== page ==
Monthly Archives: May 2019
While there will always be technological developments in the aviation industry, it is for the most part, a mature industry. On the other hand, the drone industry, measured against fixed wing and rotorcraft, is probably in the range of 20 percent mature. While drones have, in the defense world, been in use for decades, it’s only been in the last few years that drone technology has entered the commercial world.
Thank you for attending the latest in our ongoing Aviation Webinar Series, “The Business of Drones … Operating in a Commercial World.”
In Managing the Risks of Organizational Accidents (1997), Dr. James Reason defined “just culture” as: An atmosphere of trust in which people are encouraged, even rewarded, for providing essential safety-related information–but in which they are also clear about where the line must be drawn between acceptable and unacceptable behavior. While line drawing often involves sensitive tradeoffs and judgments, recent judicial decisions by the courts in Switzerland involving air traffic controllers provoke vigorous head-scratching, not to mention strong condemnation from the international air traffic control community.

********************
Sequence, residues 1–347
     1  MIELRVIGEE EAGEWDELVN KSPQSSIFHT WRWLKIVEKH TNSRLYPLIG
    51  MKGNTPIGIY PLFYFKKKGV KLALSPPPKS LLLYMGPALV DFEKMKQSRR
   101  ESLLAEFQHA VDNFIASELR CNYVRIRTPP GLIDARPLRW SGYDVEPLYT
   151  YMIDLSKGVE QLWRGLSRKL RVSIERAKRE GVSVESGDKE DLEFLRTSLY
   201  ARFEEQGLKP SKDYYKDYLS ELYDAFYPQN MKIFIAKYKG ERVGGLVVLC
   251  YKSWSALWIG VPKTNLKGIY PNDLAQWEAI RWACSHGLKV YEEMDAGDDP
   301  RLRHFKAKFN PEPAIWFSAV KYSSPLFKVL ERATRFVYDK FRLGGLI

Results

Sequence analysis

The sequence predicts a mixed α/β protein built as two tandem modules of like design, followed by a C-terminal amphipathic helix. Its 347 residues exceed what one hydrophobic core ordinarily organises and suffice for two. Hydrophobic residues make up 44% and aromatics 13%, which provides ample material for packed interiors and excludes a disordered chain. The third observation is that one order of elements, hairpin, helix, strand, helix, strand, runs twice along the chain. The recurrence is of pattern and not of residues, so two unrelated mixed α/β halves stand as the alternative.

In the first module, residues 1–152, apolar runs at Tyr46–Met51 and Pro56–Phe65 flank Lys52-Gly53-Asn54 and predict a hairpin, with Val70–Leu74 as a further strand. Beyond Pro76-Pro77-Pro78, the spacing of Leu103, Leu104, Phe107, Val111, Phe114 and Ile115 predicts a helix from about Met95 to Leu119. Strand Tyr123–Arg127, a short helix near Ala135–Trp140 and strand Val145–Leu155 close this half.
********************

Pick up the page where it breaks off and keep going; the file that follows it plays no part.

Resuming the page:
An essential aspect of the aviation industry is doing business with the United States Government. Whether you’re an airline, a charter or cargo operator, an MRO, a ground handler or a manufacturer, the considerations associated with having the federal government as a client is a world apart from operating in the commercial space. During this webinar, aviation and government contract attorneys from LeClairRyan will discuss not only the basics, but recent developments in dealing with the United States Government as your customer.
In just a few short years, the operation of unmanned aircraft has gone from a rarity to big business. According to the FAA’s newly released Aerospace Forecast, the total number of commercial UAS in the United States is expected to triple by 2023. Much of this growth is expected to come from a dramatic increase in the number of businesses offering “drones as a service.”
How do accidents happen? Sometimes, the cause of an accident is hidden. It is an occurrence that is unexpected and unforeseeable. Most of the time, it is not. This video is a case in point.